English Thirteenth-century Polyphony
A Facsimile Edition by William J. Summers & Peter M. Lefferts
Stainer & Bell, 2016. Early English Church Music, 57
ISMN 979 0 2202 2405 8; ISBN 978 0 85249 940 5
This extraordinarily opulent volume (approx. 12 inches by 17 and weighing more than seven pounds – apologies for the old school measurements!) is a marvel to behold. The publisher has had to use glossy paper in order to give the best possible colour reproductions of many valuable manuscripts. The textual part of the volume gives detailed physical descriptions of each, with individual historical and bibliographical information, followed by transcriptions of the (often fragmented) texts. Most are from British libraries, but some are from Germany, Italy, France and the United States. Though much of the material is accessible online, the publishers hope that a physical reproduction can help researchers and stimulate new interest in the repertory. It will certainly make an eye-catching centrepiece for an exhibition! In addition to giving scholars direct access to these invaluable source without having to sit, staring at a computer screen for hours. For all of these reasons, this apparent luxury will readily justify its price tag.
Fifteenth-century Liturgical Music, IX
Mass Music by Bedingham and his Contemporaries
Transcribed by Timothy Symonds, edited by Gareth Curtis and David Fallows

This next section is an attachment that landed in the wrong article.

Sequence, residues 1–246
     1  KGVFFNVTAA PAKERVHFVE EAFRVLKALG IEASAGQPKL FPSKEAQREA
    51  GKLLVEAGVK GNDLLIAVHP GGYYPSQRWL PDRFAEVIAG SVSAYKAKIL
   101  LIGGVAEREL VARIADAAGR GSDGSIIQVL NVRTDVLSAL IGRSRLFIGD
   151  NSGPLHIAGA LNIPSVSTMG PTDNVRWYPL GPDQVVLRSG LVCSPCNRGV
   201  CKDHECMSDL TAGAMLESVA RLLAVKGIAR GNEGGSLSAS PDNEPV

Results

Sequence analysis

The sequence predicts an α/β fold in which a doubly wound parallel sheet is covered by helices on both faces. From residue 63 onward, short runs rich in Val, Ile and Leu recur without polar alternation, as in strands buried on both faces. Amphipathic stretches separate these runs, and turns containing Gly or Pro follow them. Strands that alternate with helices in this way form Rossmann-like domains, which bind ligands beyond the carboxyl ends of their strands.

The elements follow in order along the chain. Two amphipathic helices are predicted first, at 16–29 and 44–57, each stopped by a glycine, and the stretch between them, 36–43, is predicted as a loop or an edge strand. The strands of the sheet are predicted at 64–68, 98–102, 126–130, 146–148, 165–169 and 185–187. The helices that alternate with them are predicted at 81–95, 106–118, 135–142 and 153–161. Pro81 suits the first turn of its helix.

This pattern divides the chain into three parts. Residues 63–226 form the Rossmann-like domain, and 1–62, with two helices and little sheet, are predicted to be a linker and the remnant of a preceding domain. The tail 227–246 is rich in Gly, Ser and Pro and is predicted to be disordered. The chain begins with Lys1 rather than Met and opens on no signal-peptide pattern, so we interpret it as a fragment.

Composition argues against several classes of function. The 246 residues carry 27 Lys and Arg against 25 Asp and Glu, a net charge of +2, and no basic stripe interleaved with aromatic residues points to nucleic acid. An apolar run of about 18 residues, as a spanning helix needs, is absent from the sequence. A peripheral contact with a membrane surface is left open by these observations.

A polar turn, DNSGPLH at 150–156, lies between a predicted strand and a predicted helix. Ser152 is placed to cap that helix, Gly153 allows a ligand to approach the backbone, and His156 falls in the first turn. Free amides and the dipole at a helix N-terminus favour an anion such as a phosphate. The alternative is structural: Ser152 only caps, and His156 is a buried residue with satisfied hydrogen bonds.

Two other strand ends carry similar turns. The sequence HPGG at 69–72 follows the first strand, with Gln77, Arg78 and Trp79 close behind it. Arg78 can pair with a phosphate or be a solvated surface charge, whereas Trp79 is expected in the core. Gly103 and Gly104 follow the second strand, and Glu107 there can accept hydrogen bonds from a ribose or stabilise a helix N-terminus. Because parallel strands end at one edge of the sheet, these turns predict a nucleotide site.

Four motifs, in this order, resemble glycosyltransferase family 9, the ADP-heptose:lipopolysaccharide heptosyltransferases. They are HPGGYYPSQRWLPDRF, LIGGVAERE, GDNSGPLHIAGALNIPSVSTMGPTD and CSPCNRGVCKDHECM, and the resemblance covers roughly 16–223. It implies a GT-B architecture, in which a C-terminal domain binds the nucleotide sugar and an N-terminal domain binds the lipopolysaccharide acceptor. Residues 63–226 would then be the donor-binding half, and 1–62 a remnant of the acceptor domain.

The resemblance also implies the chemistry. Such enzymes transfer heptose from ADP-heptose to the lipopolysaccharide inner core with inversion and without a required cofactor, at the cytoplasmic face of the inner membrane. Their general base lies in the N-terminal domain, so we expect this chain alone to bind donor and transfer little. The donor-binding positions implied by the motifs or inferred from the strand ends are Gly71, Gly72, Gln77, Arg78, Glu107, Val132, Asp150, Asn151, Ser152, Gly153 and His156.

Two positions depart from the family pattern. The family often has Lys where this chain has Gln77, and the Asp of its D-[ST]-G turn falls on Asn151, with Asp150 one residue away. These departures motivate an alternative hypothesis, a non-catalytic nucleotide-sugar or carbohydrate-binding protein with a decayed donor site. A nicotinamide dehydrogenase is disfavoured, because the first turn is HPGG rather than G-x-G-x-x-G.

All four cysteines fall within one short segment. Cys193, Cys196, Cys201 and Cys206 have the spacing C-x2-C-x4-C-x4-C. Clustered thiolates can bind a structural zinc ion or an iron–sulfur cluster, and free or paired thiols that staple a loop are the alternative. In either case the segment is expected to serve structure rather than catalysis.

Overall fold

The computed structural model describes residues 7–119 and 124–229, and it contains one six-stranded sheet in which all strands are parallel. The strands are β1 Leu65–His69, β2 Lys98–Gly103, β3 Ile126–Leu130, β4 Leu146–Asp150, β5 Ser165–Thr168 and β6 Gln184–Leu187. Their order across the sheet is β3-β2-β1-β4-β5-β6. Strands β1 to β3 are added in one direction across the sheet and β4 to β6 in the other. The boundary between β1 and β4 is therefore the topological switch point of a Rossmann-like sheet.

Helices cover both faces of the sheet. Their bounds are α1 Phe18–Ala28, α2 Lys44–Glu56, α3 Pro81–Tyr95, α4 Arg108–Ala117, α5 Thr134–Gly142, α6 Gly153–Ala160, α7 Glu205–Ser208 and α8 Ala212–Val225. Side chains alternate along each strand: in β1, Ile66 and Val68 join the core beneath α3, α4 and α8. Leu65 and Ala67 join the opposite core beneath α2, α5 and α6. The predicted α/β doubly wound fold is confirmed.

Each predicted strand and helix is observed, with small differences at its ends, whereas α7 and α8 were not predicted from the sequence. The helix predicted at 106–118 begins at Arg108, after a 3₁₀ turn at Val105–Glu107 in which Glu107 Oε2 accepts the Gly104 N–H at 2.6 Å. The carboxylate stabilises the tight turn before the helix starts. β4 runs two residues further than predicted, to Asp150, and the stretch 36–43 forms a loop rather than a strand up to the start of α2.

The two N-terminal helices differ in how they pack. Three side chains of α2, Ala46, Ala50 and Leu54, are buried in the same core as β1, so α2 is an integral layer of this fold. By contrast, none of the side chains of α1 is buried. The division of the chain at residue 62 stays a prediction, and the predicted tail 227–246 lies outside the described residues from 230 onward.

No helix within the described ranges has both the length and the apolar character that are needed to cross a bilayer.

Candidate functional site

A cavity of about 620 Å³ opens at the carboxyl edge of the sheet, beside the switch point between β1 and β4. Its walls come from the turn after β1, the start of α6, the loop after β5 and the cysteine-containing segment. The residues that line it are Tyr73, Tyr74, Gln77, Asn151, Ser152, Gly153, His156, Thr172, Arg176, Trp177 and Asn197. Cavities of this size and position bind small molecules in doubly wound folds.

Stainer & Bell, 2017. Early English Church Music, 58
ISMN 979 0 2202 2510 9; ISBN 978 0 85249 951 1
There are thirteen works in the present volume. The first two are masses by John Bedingham, while the others are anonymous mass movements (either single or somehow related). Previous titles in the series have been reviewed by Clifford Bartlett, and I confess this is the first time I have looked at repertory from this period since I studied Du Fay at university! At that time I also sang quite a lot of (slightly later) English music, so I am not completely unfamiliar with it. I was immediately struck by the rhythmic complexity and delighted to see that the editions preserve the original note values and avoids bar lines – one might expect this to complicate matters with ligatures and coloration to contend with, but actually it is laid out in such a beautiful way that everything miraculously makes perfect sense. Most of the pieces are in two or three parts (a fourth part – called “Tenor bassus” – is added to the Credo of Bedingham’s Mass Dueil angoisseux in only one of the sources). Each is preceded by a list of sources, a note of any previous edition(s), general remarks about the piece, specific notes on texting issues (most interestingly where the editors have chosen to include several syllables or words under long notes), and then musical discrepancies. All in all an exemplary work of scholarship, beautifully presented, and just waiting for someone to take up the challenge of recording this intriguing and beautiful music.